Indeed, perhaps because of that taboo, it’s an understudied emotion and perspective. (Not unlike how singledom or divorce.) Treleaven cites a German survey of 1,200 parents that found 8 percent of respondents regretted becoming parents. Other recent related research sheds more light. Science of Us has reported on how in the case of 187 newlywed Dutch couples, both mothers and fathers had a sloping decline in self-esteem after having children (the study was over a five-year period, so the post-kids period averaged about three years).
Cracks are starting to appear in America’s “pronatalist” culture, where it’s assumed that after you check the boxes on getting a job and a spouse, the next errand is childbirth. There’s a growing body of work around “child-free” couples, those who decide not to have kids, as epitomized in the title to the book of essays Selfish, Shallow, and Self-Absorbed: Sixteen Writers on the Decision Not to Have Kids. A qualitative, sociological 2016 study asked open-ended questions about people who decide to go child-free, and the main themes that came up were that it was “conscious” and a “process.” Women gave interpersonal explanations, saying that they didn’t want to alter their relationships or that they didn’t want to bring the kid into an irrational world. Men were more individualist, saying they wanted to be able to pursue meaningful projects or enjoy greater freedom. “It’s a rational response to what it means to have a kid and what impact [being a parent] has on the rest of your life,” was one primary example.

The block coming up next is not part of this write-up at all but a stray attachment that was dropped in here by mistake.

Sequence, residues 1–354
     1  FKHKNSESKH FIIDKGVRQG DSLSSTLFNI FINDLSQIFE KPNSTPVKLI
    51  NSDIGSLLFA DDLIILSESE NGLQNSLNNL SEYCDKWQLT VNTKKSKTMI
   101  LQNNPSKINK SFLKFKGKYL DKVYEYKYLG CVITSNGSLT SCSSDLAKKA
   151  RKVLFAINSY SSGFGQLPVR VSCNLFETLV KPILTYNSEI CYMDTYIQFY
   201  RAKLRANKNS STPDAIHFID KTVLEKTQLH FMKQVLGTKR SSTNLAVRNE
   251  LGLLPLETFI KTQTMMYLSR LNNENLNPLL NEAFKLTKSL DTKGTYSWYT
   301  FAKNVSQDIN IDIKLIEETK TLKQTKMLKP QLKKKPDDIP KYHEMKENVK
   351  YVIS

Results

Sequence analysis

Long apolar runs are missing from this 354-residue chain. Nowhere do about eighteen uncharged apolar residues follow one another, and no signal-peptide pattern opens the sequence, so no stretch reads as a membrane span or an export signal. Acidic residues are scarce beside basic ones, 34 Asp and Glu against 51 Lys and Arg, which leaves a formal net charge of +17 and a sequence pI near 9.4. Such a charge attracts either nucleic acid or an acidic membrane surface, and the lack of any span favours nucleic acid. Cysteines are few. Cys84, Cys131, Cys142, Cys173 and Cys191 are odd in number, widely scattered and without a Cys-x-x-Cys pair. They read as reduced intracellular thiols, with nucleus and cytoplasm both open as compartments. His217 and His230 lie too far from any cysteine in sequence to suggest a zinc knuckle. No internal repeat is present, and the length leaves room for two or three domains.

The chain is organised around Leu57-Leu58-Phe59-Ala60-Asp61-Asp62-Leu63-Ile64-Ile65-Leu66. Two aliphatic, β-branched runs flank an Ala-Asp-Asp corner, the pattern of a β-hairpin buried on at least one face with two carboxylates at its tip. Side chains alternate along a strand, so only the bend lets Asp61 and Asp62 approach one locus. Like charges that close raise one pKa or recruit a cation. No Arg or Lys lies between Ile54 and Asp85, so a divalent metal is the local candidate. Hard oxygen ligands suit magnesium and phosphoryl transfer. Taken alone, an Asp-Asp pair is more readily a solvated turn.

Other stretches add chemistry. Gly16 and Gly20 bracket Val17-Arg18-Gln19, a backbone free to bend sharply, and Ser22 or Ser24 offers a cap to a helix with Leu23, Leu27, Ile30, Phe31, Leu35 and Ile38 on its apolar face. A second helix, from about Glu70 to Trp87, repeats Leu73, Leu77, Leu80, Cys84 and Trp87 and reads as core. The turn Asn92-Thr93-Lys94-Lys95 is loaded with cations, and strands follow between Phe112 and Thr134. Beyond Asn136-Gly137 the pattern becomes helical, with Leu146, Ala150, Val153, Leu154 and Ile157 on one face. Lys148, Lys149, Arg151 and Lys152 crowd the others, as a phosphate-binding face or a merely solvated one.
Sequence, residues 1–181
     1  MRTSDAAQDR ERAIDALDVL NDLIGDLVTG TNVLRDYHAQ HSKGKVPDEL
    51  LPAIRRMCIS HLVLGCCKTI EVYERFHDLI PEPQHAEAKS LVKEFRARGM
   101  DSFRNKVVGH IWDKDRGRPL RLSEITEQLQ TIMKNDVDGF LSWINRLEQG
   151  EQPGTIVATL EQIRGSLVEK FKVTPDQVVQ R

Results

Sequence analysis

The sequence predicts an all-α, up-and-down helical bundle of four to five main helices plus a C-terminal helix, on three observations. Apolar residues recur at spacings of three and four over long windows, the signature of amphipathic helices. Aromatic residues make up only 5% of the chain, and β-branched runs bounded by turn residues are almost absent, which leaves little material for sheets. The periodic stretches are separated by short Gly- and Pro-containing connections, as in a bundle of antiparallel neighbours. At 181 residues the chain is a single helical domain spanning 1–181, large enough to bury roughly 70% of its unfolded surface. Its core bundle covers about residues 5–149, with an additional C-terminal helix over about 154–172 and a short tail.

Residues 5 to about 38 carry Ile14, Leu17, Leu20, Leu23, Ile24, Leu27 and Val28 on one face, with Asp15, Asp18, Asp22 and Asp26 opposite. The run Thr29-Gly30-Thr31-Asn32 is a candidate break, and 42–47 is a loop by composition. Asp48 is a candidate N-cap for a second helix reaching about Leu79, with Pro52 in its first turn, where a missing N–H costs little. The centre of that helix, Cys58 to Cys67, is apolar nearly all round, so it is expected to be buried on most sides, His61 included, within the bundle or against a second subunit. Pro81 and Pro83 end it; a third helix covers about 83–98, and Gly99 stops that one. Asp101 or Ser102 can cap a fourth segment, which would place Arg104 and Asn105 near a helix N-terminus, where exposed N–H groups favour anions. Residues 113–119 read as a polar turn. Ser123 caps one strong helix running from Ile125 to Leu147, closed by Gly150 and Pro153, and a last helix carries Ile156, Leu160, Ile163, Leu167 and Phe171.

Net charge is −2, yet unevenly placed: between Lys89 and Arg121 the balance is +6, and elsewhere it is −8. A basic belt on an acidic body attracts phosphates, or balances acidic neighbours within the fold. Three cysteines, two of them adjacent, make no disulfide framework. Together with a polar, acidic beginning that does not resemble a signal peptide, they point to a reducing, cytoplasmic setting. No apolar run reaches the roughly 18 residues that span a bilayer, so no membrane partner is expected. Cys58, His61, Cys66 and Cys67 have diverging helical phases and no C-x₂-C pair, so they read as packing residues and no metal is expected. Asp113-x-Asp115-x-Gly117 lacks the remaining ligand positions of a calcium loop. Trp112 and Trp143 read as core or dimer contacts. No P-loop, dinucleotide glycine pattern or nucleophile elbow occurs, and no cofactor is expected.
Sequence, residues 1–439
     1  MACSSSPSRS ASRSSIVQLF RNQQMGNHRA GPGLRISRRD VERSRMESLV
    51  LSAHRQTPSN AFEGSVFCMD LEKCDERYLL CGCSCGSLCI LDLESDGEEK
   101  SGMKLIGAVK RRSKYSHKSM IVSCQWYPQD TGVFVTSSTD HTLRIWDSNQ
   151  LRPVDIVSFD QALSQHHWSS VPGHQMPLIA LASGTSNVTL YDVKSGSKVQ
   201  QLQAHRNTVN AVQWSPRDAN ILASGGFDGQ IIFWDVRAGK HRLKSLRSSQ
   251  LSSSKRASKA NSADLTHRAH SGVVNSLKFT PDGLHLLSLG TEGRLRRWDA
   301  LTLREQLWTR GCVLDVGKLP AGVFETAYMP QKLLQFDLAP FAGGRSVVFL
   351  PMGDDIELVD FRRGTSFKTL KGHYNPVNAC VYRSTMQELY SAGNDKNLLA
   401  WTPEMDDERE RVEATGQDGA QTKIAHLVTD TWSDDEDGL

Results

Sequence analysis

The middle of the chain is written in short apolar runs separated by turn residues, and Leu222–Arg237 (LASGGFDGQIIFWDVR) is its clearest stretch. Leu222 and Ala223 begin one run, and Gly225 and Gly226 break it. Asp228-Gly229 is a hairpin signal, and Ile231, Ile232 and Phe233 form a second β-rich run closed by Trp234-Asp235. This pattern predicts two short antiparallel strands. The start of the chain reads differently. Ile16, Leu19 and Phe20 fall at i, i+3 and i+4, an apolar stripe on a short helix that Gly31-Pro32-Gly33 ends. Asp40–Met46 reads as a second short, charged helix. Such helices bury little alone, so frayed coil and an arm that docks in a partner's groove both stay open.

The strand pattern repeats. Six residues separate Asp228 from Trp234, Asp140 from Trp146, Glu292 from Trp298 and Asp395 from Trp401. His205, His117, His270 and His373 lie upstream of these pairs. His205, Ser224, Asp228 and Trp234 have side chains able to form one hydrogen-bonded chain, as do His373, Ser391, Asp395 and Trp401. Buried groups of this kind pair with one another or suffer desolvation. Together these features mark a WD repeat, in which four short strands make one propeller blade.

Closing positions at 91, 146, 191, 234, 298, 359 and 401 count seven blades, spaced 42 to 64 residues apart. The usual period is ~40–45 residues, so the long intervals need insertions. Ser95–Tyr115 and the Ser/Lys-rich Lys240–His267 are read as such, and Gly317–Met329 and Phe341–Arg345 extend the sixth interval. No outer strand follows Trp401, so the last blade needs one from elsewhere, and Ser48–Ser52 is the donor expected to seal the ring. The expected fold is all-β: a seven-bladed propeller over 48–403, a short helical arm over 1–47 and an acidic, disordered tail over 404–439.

The gendered asymmetry around parenting plays a role with maternal regret, too. While it’s pretty normalized for men to abdicate their parental responsibilities (hey Dad!), it’s not so much for men. “With mothers, it’s simply expected that you will be an attentive, highly involved caretaker, and there is no praise when you are,” Treleaven writes, while if a man is an attentive father, he’s a superstar. Quite interestingly, a sociologist told me that the reverse applies for breadwinning: Culturally, it’s shameful for a husband to not do it, and exceptional for a wife to do it, so men who are sole providers feel lots of pressure — and anxiety — compared to their more egalitarian peers. The social expectation of domestic perfection, then, only adds to the mother angst.
It seems like the consciousness around the choice of whether or not to have kids (and what gender roles you’d like to perform) in a relationship is very important. The child-free people who cited their life goals as a reason for not having kids could probably nod in recognition with the moms who felt they sacrificed theirs. But that’s not to say that it’s impossible to have it all: Shirley Jackson set American literature ablaze while rearing four kids, Jane Jacobs raised three and raised hell against the forces trying to pave Greenwich Village.
What seems to be the key, amid all this, is choice, and whether the choices you and I make are the reflection of some received blueprint for life that we get from collective society and resentfully acquiesce to, or whether the answers to the questions of whom to partner with and whether to reproduce arise from some deep source within yourself, as positive psychologists, existential philosophers, and romantic poets would hope for us. As Rainer Maria Rilke advised, that’s where you find your answers: “within yourself, you one-time-child, within yourself.”